(Bloomberg) -- The US House is set to vote as early as Wednesday on a resolution to remove Democrat Ilhan Omar from the Foreign Affairs Committee as Speaker Kevin McCarthy persuaded at least two Republican holdouts to support the move. 

The vote is an early test of McCarthy’s ability to win floor fights despite his narrow majority and fractious caucus. Floor action on the resolution was set during a contentions Rules Committee meeting Tuesday night.

McCarthy had earlier Tuesday persuaded Republicans Victoria Spartz of Indiana and Thomas Massie of Kentucky to back the resolution. Spartz had previously opposed it, and Massie was on the fence. 

The Rules panel advanced to the House floor a resolution laying out accusations that Omar had used antisemitic tropes in past comments, for which she has since apologized, saying she should be removed from the Foreign Affairs Committee.

“Omar, by her own words, has disqualified herself from serving on the Committee on Foreign Affairs, a panel that is viewed by nations around the world as speaking for Congress on matters of international importance and national security,” the resolution states.

Omar, who represents a Minnesota district that includes Minneapolis, didn’t immediately respond Tuesday night to a request for comment, through a spokesman.

She was one of the first two Muslim women in Congress, both elected in 2018, and was the first to wear a hijab on the House floor. Born in Somalia, her family fled Mogadishu during that country’s civil war and spent four years in a Kenyan refugee camp. 

“This is about vengeance. This is about spite. This is about politics,” Representative Jim McGovern of Massachusetts, the committee’s top Democrat, told Republicans on Tuesday. “We have real problems in this country? And this is what we’re doing?”

McGovern’s comment was a reference to McCarthy and other Republicans openly characterizing their efforts to deny Omar a seat on the panel as a response to then-Democratic Speaker Nancy Pelosi removed two Republicans from committees in the last Congress —  Marjorie Taylor Greene of Georgia and Paul Gosar of Arizona.

“You were warned. You were warned in the last Congress. You were warned if you went down this road,” Representative Michael Burgess of Texas, the Republican vice chair, told Democrats.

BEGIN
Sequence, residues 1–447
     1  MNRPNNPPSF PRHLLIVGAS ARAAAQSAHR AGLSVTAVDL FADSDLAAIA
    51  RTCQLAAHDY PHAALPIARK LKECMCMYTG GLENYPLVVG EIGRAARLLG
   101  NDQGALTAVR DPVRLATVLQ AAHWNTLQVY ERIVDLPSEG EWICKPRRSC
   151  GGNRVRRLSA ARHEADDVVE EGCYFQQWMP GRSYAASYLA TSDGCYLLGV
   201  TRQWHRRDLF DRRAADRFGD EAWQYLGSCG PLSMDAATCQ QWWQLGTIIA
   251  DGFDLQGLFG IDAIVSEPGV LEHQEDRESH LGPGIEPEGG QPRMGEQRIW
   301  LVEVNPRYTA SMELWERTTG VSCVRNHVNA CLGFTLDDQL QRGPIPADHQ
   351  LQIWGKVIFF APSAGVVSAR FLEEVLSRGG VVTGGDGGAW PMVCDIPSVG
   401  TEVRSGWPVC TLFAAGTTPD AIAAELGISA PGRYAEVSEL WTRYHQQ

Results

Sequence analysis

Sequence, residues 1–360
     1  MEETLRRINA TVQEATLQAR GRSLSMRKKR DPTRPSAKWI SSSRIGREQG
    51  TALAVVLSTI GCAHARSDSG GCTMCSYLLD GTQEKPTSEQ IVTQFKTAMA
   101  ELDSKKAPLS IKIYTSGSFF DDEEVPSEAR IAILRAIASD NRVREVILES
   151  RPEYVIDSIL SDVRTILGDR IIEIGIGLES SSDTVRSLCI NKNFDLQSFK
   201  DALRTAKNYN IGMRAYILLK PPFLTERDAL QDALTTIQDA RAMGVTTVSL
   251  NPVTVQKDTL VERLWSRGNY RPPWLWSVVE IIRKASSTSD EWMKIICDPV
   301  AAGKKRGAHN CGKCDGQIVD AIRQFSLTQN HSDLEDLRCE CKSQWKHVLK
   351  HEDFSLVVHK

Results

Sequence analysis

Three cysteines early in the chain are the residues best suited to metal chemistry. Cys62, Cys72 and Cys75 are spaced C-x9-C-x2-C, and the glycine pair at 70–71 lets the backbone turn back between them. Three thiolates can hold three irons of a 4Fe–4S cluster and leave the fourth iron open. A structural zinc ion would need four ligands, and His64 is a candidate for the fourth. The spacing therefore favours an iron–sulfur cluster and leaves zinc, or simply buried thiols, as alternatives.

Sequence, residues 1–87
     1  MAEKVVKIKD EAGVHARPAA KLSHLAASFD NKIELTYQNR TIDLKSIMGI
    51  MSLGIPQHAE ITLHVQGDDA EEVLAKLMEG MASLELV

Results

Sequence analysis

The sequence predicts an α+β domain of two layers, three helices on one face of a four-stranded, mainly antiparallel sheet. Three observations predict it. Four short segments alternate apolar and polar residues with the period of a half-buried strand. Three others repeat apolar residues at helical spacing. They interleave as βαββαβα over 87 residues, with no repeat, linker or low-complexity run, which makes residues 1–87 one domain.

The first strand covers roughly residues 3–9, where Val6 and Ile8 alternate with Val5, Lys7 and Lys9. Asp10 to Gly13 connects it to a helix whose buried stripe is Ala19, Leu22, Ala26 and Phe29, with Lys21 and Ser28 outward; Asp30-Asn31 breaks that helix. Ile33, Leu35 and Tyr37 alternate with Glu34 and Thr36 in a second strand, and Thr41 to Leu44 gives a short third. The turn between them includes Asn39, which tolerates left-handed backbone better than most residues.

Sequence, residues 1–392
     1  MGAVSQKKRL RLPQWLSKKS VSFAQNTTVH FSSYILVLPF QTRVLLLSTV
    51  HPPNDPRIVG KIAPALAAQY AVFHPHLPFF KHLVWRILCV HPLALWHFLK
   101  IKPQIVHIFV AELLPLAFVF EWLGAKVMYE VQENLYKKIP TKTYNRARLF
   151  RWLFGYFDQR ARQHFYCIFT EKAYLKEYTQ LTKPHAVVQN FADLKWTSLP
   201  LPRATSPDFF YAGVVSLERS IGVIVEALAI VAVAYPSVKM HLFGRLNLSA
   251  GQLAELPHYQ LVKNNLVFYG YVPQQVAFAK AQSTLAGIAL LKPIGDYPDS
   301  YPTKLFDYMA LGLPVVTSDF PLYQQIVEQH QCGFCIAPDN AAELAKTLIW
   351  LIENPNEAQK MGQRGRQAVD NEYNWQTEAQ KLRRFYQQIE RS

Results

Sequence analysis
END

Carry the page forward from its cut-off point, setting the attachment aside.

Much of the Rules Committee debate Tuesday night turned into a back-and-forth about which party’s actions in tossing members off committees has, or is, is the more partisan action. Republicans also underscored that Omar is not being removed from her seat on the Committee on Education and the Workforce, while Greene and Gosar were removed from all committees.

Among the issues contained in the resolution against Omar, was her implying in February 2019 that American political support for Israel, is “all about the Benjamins, baby.” There was condemnation by Republicans and Democrats alike for her use of an anti-Semitic trope, and she later apologized.

In February 2021, the House voted  to remove Greene from the Education and Budget committees citing her incendiary tweets and statements, including support for the QAnon conspiracy theory. Eleven Republicans joined Democrats in ousting her from the panels.

Gosar was removed from the Oversight and Natural Resources panels after posting an altered anime video that depicted him killing Representative Alexandria Ocasio-Cortez of New York and attacking President Joe Biden. Two Republicans joined Democrats in that vote.

McCarthy last week unilaterally blocked California Democrats Adam Schiff and Eric Swalwell from the Intelligence Committee. Under House rules, the Intelligence panel does not require a full vote of the House to strip someone of membership.

There was also debate over whether the resolution’s language provides Omar a genuine right of appeal to the Ethics Committee, which earlier in the day had been depicted as having helped McCarthy gain support from some hesitant Republicans. 

The resolution states: “any member reserves the right to bring a case before the Committee on Ethics as grounds for an appeal to the speaker of the House for reconsideration of any committee removal decision.” 

But Representative Susan Wild of Pennsylvania, a Democrat who is the top Democrat on the Ethics panel, said the Ethics Committee’s rules do not allow such an appeal. 

(Updated throughout to reflect Rules Comittee meeting.)

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